Small pots taskforce faces uphill battle
For intermediaries only
The industry is peppered with expensive and sterile small pension pots, but plans are afoot to tackle the problem
Two months after the Work and Pensions Committee (WPC) asked the industry for"workable solutions" to address the proliferation of small pension pots in the industry, a taskforce to manage the issue has been officially launched.
The move – announced by pensions and financial inclusion minister Guy Opperman on 22 September – will see a cross-sector working group consider whether small pots are damaging the reputation and success of auto-enrolment (AE) and how a consolidation process can be effectively managed.
The number of small defined contribution (DC) pots has skyrocketed since the introduction of AE, with many of the ten million savers enrolled having moved jobs without consolidating their pension savings.
The concerns about this lack of consolidation have grown exponentially for schemes and providers in the wake of job losses and changes since Covid-19 first began to damage the UK's economy in March.
Now, the taskforce's experts will look to tackle the problem and address the substantial impact on costs and fees members face. The taskforce's working group will report later this autumn with an initial assessment, with Opperman confirming recommendations and an"interactive roadmap of actions" for the industry and the government will follow.
The Pensions Policy Institute (PPI) estimates there are already eight million deferred pots, which could increase to 27 million by 2035, plus another nine million active pots.
"This threatens the financial viability of many providers, as well as fragmenting and dissipating members' savings, and thereby the success of AE," says Aries Insight director Ian Neale.
"As the problem grows, a solution becomes more urgent, and it is right that the Department for Work and Pensions (DWP) has involved a wide range of industry bodies in its discernment of the best way forward."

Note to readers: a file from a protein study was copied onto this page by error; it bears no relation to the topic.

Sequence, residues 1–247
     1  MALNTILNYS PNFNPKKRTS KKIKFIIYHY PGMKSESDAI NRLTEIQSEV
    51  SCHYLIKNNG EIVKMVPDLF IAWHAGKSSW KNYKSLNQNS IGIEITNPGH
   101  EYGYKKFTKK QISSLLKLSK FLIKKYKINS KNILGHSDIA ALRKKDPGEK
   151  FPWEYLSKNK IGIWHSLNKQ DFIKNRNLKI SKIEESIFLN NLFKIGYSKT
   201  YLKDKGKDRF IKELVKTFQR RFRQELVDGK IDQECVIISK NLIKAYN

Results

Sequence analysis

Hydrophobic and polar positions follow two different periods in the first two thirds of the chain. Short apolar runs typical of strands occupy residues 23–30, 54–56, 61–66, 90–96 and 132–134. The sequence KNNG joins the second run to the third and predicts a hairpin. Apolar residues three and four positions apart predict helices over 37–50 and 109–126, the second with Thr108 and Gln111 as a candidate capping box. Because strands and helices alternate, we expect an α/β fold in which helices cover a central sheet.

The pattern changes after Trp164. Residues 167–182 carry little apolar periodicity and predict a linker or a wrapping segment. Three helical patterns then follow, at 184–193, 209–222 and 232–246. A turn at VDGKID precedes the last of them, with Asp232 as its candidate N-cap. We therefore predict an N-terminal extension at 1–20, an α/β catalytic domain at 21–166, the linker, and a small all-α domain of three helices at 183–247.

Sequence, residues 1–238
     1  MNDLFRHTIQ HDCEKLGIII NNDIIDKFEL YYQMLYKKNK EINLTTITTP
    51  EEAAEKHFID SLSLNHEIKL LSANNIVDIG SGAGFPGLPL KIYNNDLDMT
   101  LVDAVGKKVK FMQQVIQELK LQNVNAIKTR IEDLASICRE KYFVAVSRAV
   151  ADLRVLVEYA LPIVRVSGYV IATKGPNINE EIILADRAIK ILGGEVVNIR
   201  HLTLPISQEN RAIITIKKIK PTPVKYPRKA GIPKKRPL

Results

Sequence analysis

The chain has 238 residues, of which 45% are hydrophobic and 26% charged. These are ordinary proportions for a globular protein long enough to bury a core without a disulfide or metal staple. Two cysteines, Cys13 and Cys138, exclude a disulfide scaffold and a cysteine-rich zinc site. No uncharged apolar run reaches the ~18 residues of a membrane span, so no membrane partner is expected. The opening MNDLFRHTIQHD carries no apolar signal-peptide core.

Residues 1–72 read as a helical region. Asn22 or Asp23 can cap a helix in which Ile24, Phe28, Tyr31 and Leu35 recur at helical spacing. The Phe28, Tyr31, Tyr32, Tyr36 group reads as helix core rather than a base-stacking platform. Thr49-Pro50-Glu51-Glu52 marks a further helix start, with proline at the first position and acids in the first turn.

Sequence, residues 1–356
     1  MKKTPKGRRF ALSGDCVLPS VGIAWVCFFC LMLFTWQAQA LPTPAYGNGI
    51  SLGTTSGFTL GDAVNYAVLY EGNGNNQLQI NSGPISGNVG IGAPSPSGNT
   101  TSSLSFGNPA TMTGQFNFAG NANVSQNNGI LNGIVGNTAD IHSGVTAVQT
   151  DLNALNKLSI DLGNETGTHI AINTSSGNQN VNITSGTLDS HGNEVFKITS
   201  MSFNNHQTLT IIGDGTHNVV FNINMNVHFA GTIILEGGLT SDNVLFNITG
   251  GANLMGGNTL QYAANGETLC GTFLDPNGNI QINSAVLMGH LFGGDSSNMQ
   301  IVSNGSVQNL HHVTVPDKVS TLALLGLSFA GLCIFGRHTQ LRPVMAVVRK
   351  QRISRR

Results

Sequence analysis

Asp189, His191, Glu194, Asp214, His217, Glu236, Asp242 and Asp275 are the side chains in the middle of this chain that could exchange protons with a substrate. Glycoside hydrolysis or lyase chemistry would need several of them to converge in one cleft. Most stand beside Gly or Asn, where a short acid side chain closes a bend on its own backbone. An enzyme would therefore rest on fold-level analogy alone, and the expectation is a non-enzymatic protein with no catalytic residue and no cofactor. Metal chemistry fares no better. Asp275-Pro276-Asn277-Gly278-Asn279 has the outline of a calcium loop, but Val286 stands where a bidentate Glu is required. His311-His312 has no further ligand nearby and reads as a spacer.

Working group member and Now Pensions director of policy Adrian Boulding says the PPI's 27 million pot estimation is"probably something of an understatement" and confirms Opperman is expecting radical changes from the taskforce.
"It's a fast-moving taskforce and the minister has said he wants answers from November. It's a big exercise to begin with."
"Covid-19 has started a new recession," he continues."We need to build back better and that will many, many job changes and also many small pots."
The most immediate goal for the taskforce is simply cutting the number of small pots, he adds.
"We should be looking to get that eight million down below one million," he says."That is my challenge for us as an industry because then we will have ironed out this enormous duplication that we've got."
Boulding says it will be an"ongoing exercise" for the taskforce."It's not going to be a one-off exercise. We could do a one-off, but the fact that the PPI has shown us the rate at which the pots are growing, it has to be ongoing".
Neale adds that the key aim"in the short term" is to recommend"the least damaging way to reduce the number of small pots, in conjunction with the pros and cons of all possible solutions".
Sackers associate director Emma Martin says the"transitory labour market" characterising modern employment has meant small pot issues were apparent from the start of AE.
"Covid-19 will result in job losses and changing employments, consequently increasing the number of small pots," she continued."Something needs to be done to address the issue".
Despite concerns over AE, Salvus Master Trust managing director Steve Goddard says small pots could be managed effectively without damaging the system's reputation.
"Small pots could be managed by providers if the shackles were taken off," he says."And I regard The Pensions Regulator's (TPR) levy and master trust financial reserving requirement as shackles, for example."